Jim Johnson (2014)

Station Manager and distinguished Fisheries Research Biologist for the Lake Huron Fisheries Research Station in Alpena

As a Great Lakes scientist, Jim was among the greatest and was well known, widely published, and greatly respected for his contributions advancing Lake Huron fisheries research – particularly as the Lake Huron fishery underwent dramatic ecological changes resulting from introductions and impacts of aquatic invasive species. Critical to our coastal communities and businesses dependent upon these fisheries was building an understanding, communicating, and responding to these changes – both ecological management, but also social community and business responses to these changes. Jim’s contributions added value to nearly every aspect of our Lake Huron investments, including Spring Lake Huron Fisheries workshops, annual Great Lakes Fisheries Leadership Institute, Lake Huron Biodiversity Conservation, Marketing Lake Huron Fisheries and Businesses: Sustainable Coastal Tourism planning and promotion, COSEE Great Lakes teacher workshops, and the Northeast Michigan Great Lakes Stewardship Initiative.

Cap'n Denny Grinold (2014)

Charter fishing boat captain

Cap’n Denny Grinold was a happy man who spent at least half of his time outdoors in the fresh air helping people have fun. As such, Denny became the foremost charter boat captain, fishing Lake Michigan for world-class trout and salmon. He helped thousands of people enjoy the Great Lakes he so tirelessly helped to protect and enhance. But much more than that, he become a person who is highly knowledgeable and passionate about Michigan’s Great Lakes and its fisheries resources, and a constant friend and promoter of the Michigan Sea Grant Program. In spending so much time on the water, Denny observed the changes that take place every season — be it water quality or fish populations. Many of us only get the chance to hear about the health of the Great Lakes; Denny lived it and, by so doing, was able to transfer this knowledge in practical and meaningful ways to our students, staff, and partners. It is impossible to list all of Denny’s accomplishments, but he had a history of determined participation and leadership in, and cultivation of, partnerships between anglers, environmental groups, the charter boat industry, Michigan Department of Natural Resources, Michigan Sea Grant, and the Great Lakes Fishery Commission. Overall, Denny served on more than 20 boards and commissions and has held numerous appointments. Cap’n Denny was one of the most successful charter captains in the Great Lakes (awarded a top 20 angler in the world award), and we were fortunate to have him as a friend and colleague.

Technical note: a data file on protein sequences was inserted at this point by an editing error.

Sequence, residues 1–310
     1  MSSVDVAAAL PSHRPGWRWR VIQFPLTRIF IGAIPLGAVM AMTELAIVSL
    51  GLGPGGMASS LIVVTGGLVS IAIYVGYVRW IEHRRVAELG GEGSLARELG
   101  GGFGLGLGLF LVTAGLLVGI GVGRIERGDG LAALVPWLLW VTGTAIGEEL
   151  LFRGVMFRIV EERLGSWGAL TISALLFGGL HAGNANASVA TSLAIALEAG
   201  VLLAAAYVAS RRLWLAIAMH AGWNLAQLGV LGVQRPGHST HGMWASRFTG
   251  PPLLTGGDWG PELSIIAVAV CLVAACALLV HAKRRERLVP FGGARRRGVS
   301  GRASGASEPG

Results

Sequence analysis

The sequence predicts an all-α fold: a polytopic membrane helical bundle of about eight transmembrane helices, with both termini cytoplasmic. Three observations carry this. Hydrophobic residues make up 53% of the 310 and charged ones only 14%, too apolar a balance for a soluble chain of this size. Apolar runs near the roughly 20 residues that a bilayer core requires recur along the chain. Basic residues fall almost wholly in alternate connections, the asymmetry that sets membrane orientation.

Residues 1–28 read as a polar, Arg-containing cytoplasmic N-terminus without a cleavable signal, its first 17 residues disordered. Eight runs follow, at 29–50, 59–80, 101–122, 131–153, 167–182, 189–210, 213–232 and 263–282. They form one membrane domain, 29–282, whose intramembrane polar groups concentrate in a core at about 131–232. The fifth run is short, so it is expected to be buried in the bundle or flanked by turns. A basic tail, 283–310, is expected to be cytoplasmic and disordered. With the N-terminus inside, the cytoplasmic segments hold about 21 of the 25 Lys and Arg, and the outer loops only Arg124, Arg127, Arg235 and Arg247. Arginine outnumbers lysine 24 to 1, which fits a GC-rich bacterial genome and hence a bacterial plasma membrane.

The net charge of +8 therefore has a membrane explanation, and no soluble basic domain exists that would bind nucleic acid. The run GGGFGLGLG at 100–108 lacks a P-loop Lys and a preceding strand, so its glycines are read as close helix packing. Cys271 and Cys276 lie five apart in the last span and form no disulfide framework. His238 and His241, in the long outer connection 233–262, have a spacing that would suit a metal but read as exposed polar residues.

Van Snider (2010)

President of the Michigan Boating Industries Association (MBIA)

Van Snider received a prestigious award at a Michigan Sea Grant College Program meeting held at MacRay Harbor. It was Snider’s leadership qualities that led Sea Grant to honor him by naming this and future Sea Grant awards the Van Snider Award. Snider had led MBIA for 20 years and is a strong advocate for the boating industry.

“Van represents the boating industry as a gentleman, as a professional and as steward,” said Jim Diana, then Director of Michigan Sea Grant. “He is the type of partner that builds bridges, recognizes opportunities and understands the balance of industry and environment.”

As one of the founders of the Michigan Clean Marina Program, Snider promoted participation in the Clean Marina effort at boating industry conferences, with legislators, natural resource managers and others. He also promoted education efforts, both among the boating industry members, and at Michigan’s universities. “Van understands that encouraging Michigan marinas to voluntarily adopt best practices that exceed regulatory requirements will make the boating industry stronger,” said Chuck Pistis, then Extension Program Leader for Michigan Sea Grant. Michigan Sea Grant management, staff, leaders from the National Oceanic and Atmospheric Administration (NOAA) and National Sea Grant, as well as other friends and guests of Michigan Sea Grant were on hand to congratulate Snider on receiving this award.